Even while science affords us ever greater understanding about the universe around us, the universe within us remains a distant mystery in many ways. Material reductionism about the brain and ever-better scientific tools and computerization should, one would expect, help us to uncover the mechanisms that make brains and thus minds work as they do, as well as help clarify their various malfunctions. It appears to be the case that brains are the sum and total of our minds, and that there is no deus ex machina responsible for our mental selves. If we only look closely enough at the material that makes up our brains and the ways in which that material works, then the mystery of minds will be revealed, and we can even, hopefully, fix them when they perform in ways we don’t want them to.
Brains are extraordinary, but they are limited. They are physical and observable, and ultimately should be able to be understandable and replicable to some degree. There are (only) about 86 billion neurons in a normal human brain, and 100 trillion synapses connecting them. These are big numbers, but thanks to Moore’s law in computing (by which the power of computing machinery doubles at a predictable rate over time), we are within about 10 years of being able to model the nodes and connections of a brain “in” a computer. As well, recent trends in neuroscience, including imaging technologies that are meant to enable us to better pinpoint the areas that function in brains during various tasks ought to provide us with better understanding of not just how brains are wired, but how they function in live human beings.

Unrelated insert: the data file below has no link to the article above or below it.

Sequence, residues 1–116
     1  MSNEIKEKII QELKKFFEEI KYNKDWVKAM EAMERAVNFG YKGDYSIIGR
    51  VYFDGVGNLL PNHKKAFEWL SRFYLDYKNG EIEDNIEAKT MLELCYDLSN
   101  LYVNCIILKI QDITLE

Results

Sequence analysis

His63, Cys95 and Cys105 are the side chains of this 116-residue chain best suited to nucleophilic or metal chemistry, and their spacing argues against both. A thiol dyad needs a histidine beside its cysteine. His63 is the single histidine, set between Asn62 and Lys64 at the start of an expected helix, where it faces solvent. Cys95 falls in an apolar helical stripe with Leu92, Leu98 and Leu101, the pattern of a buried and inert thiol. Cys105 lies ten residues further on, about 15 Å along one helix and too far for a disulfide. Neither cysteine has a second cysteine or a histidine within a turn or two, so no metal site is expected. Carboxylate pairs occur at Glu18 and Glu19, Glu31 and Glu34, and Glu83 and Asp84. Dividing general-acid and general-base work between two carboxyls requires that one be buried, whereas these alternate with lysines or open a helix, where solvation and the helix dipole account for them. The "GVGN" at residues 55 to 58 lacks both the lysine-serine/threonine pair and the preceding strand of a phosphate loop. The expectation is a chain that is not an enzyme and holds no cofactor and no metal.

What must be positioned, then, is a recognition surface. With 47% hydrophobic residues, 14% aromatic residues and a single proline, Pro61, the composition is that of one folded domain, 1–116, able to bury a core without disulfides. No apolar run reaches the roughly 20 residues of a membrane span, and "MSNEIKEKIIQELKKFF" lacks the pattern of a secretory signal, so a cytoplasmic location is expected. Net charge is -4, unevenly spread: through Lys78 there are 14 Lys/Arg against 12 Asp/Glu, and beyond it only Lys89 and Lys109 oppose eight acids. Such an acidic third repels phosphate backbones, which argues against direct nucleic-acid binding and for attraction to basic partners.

Sally Satel and Scott Lillenfeld’s excellent 2015 book Brainwashed: The Seductive Appeal of Mindless Neuroscience does a great job pointing out some of the tremendous shortcomings of tools like fMRI (functional Magnetic Resonance Imaging) and other such efforts to provide us with live pictures of working brains. Essentially, the authors undercut a fair amount of the statistical confidence ascribed to such studies, and do a good job pointing out just how little we know about brain functioning, despite our new tools. In 1974, Thomas Szasz’s The Myth of Mental Illness made waves by calling into question the objective basis of mental illness as a category, arguing that most of what then (and indeed, now) were categorized as mental diseases were not properly, scientifically diseases. While surely physical, the physical bases for mental illnesses could not be objectively measured, seen, observed, etc.. The prevalent and continuing means of diagnosing mental diseases was by interview and self-reporting, with reference to tools like the Diagnostic and Statistical Manual of Mental Disorders (DSM) which is now in its 5th edition. But the categories, according to Szasz, are social constructs and not scientifically objective in any meaningful way.